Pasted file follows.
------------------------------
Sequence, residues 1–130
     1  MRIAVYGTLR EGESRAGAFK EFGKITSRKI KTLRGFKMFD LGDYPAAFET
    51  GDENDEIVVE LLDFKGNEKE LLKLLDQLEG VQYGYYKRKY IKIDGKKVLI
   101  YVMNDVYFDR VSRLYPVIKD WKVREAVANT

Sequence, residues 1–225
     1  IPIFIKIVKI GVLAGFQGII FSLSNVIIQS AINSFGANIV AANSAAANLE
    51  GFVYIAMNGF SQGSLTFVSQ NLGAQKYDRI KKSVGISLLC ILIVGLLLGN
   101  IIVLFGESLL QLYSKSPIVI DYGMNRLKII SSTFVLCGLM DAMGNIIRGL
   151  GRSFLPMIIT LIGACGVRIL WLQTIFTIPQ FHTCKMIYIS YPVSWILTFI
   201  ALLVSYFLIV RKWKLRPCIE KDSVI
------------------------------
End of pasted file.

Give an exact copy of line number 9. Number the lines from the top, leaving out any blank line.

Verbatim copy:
   151  GRSFLPMIIT LIGACGVRIL WLQTIFTIPQ FHTCKMIYIS YPVSWILTFI